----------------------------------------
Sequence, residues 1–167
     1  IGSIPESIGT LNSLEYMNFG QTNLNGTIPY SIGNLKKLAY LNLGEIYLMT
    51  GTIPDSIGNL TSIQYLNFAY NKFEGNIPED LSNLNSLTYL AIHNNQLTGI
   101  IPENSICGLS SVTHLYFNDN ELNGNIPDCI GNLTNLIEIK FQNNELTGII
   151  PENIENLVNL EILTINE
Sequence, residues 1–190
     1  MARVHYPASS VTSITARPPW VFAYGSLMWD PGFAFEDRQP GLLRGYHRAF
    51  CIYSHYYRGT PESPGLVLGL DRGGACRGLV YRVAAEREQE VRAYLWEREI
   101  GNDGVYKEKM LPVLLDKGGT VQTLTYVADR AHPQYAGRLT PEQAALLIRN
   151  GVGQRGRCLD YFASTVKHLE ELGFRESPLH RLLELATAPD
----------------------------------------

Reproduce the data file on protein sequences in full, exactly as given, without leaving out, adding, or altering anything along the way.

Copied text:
Sequence, residues 1–167
     1  IGSIPESIGT LNSLEYMNFG QTNLNGTIPY SIGNLKKLAY LNLGEIYLMT
    51  GTIPDSIGNL TSIQYLNFAY NKFEGNIPED LSNLNSLTYL AIHNNQLTGI
   101  IPENSICGLS SVTHLYFNDN ELNGNIPDCI GNLTNLIEIK FQNNELTGII
   151  PENIENLVNL EILTINE
Sequence, residues 1–190
     1  MARVHYPASS VTSITARPPW VFAYGSLMWD PGFAFEDRQP GLLRGYHRAF
    51  CIYSHYYRGT PESPGLVLGL DRGGACRGLV YRVAAEREQE VRAYLWEREI
   101  GNDGVYKEKM LPVLLDKGGT VQTLTYVADR AHPQYAGRLT PEQAALLIRN
   151  GVGQRGRCLD YFASTVKHLE ELGFRESPLH RLLELATAPD